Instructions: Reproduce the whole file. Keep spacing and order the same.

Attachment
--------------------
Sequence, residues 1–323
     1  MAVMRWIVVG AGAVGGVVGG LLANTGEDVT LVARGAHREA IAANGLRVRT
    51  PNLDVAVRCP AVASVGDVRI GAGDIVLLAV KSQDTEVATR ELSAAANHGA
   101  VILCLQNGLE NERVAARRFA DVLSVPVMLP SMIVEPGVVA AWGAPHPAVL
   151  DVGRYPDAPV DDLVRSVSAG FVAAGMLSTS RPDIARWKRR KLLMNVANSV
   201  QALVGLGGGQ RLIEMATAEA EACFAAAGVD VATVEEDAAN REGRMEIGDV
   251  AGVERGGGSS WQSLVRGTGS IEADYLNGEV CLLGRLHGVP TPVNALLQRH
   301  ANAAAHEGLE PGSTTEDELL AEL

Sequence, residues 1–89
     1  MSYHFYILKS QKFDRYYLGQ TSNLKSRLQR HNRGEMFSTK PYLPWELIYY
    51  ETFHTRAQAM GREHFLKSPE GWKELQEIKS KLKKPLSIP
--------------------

Sequence, residues 1–323
     1  MAVMRWIVVG AGAVGGVVGG LLANTGEDVT LVARGAHREA IAANGLRVRT
    51  PNLDVAVRCP AVASVGDVRI GAGDIVLLAV KSQDTEVATR ELSAAANHGA
   101  VILCLQNGLE NERVAARRFA DVLSVPVMLP SMIVEPGVVA AWGAPHPAVL
   151  DVGRYPDAPV DDLVRSVSAG FVAAGMLSTS RPDIARWKRR KLLMNVANSV
   201  QALVGLGGGQ RLIEMATAEA EACFAAAGVD VATVEEDAAN REGRMEIGDV
   251  AGVERGGGSS WQSLVRGTGS IEADYLNGEV CLLGRLHGVP TPVNALLQRH
   301  ANAAAHEGLE PGSTTEDELL AEL

Sequence, residues 1–89
     1  MSYHFYILKS QKFDRYYLGQ TSNLKSRLQR HNRGEMFSTK PYLPWELIYY
    51  ETFHTRAQAM GREHFLKSPE GWKELQEIKS KLKKPLSIP